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FCC Votes To Eliminate Sports Blackout Rules

New England Patriots quarterback Tom Brady jogs off the field following a 41-14 loss to the Kansas City Chiefs in an NFL football game on Monday. Ed Zurga/AP hide caption

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Ed Zurga/AP

New England Patriots quarterback Tom Brady jogs off the field following a 41-14 loss to the Kansas City Chiefs in an NFL football game on Monday.

Ed Zurga/AP

The Federal Communications Commission voted on Tuesday to ditch rules that prohibited cable and satellite providers from broadcasting games that had been blacked out on local stations.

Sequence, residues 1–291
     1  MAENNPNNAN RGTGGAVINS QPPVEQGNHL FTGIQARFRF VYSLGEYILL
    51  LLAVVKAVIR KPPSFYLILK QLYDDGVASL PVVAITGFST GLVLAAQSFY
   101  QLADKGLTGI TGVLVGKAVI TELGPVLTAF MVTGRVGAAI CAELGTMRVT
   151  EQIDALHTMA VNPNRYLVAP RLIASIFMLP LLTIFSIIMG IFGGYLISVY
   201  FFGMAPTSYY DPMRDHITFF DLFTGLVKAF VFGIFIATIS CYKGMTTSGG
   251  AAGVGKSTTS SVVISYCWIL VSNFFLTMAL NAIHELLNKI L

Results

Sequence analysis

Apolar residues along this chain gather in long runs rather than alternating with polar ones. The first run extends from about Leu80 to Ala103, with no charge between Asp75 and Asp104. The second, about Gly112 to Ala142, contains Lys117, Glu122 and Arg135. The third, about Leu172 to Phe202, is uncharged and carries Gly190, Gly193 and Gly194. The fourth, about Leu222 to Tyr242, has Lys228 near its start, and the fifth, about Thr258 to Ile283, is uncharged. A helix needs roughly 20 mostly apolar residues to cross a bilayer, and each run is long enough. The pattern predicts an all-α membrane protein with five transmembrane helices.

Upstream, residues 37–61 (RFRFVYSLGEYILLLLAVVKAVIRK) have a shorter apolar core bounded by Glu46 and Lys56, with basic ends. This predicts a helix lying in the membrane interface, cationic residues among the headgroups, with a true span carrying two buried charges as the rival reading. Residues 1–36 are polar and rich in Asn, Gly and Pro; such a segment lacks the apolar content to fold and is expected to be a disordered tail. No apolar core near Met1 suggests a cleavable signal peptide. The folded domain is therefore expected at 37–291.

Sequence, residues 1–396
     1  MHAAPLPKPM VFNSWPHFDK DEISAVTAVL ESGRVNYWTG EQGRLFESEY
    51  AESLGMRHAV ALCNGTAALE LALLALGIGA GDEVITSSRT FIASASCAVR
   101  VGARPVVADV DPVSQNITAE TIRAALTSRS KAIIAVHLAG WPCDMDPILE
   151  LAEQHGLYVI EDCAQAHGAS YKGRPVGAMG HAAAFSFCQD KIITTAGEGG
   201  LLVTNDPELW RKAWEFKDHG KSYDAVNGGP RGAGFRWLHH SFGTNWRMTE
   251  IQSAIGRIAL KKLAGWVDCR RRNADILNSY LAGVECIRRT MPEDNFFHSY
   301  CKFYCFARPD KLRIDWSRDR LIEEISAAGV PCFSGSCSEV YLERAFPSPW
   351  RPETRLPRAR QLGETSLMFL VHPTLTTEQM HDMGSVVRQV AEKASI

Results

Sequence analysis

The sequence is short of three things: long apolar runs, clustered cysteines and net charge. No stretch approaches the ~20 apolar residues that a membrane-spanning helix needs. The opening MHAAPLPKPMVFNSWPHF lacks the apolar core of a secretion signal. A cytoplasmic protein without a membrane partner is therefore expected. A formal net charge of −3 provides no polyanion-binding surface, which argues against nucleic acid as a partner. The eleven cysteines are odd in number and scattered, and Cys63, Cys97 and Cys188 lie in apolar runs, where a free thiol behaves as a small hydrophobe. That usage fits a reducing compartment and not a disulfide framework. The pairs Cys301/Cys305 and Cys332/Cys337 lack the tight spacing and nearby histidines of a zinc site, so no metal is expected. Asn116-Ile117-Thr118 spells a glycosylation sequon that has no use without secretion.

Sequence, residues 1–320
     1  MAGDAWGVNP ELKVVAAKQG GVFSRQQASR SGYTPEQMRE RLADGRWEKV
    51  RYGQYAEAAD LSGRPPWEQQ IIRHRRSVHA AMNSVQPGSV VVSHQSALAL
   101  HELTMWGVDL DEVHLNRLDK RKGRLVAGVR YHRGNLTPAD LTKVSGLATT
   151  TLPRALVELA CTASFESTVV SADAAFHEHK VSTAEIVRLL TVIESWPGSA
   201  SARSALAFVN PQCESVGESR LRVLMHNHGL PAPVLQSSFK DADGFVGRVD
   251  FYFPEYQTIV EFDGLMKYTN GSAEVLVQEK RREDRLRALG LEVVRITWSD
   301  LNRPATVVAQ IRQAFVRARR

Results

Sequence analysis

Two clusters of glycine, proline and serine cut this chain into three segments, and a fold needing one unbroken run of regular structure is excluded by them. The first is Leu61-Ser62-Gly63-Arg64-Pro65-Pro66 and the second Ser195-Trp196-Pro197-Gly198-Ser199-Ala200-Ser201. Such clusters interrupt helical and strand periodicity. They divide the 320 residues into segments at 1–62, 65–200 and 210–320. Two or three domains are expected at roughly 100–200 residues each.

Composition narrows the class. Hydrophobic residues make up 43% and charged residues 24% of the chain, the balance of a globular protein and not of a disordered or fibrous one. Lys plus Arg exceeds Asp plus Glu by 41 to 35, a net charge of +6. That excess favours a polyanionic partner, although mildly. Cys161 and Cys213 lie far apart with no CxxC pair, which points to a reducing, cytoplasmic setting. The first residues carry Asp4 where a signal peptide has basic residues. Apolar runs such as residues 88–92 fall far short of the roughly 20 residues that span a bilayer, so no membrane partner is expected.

"The order finds that the Commission's sports blackout rules are no longer justified in light of significant changes in the sports industry since these rules were first adopted nearly 40 years ago," the Commission said in a press release. "At that time, ticket sales were the primary source of revenue for the NFL and most NFL games failed to sell out."

USA Today reports that for the most part, things will not result in big changes for football fans, because most games today are sold out and the NFL "may still establish its own blackout rules through private contracts they set with broadcasters and cable companies."

The Wall Street Journal adds:

"NFL spokesman Brian McCarthy said the league's teams have made significant efforts in recent years to minimize blackouts.

"'The NFL is the only sports league that televises every one of its games on free, over-the-air television,' he said. 'The FCC's decision will not change that commitment for the foreseeable future.'

"He noted that none of this season's games have been blacked out."